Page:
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  • ACI
    221R-96: Guide for Use of Normal Weight and Heavyweight Aggregates in Concrete (Reapproved 2001)
    Edition: 1996
    $66.15
    / user per year

Content Description

This guide presents information on selection and use of normal weight and heavyweight aggregates in concrete. The selection and use of aggregates in concrete should be based on technical criteria as well as economic considerations and knowledge of types of aggregates generally available in the area of construction. The properties of aggregates and their processing and handling influence the properties of both plastic and hardened concrete. The effectiveness of processing, stockpiling, and aggregate quality control procedures will have an effect on batch-to-batch and day-to-day variation in the properties of concrete. Aggregates that do not comply with the specification requirements may be suitable for use if the properties of the concrete using these aggregates are acceptable. This is discussed under the topic of marginal aggregates (Chapter 6). Materials that can be recycled or produced from waste products are potential sources of concrete aggregates; however, special evaluation may be necessary. Keywords: aggregate grading; aggregate shape and texture; air entrainment; blast-furnace slag; bleeding (concrete); coarse aggregates; concretes; crushed stone; degradation resistance; density (mass/volume); fine aggregates; mix proportioning; modulus of elasticity; pumped concrete; quality control; recycling; shrinkage; strength; tests; workability.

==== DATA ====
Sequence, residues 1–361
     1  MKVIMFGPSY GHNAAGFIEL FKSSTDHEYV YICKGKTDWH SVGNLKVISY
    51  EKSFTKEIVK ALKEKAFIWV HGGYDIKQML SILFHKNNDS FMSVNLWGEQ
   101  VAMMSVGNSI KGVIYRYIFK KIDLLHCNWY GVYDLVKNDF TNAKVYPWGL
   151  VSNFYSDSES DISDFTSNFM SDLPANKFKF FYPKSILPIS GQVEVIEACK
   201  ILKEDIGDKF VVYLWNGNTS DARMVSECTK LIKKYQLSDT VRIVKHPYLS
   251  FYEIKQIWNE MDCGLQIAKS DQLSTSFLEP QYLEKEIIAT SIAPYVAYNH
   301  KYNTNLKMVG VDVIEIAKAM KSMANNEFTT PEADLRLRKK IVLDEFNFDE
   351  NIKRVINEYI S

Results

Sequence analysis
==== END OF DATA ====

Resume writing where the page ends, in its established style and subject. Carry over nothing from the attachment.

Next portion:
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About ACI

Founded in 1904 and headquartered in Farmington Hills, Michigan, USA, the American Concrete Institute is a leading authority and resource worldwide for the development and distribution of consensus-based standards, technical resources, educational & training programs, certification programs, and proven expertise for individuals and organizations involved in concrete design, construction, and materials, who share a commitment to pursuing the best use of concrete. ACI has over 95 chapters, 110 student chapters, and nearly 20,000 members spanning over 120 countries.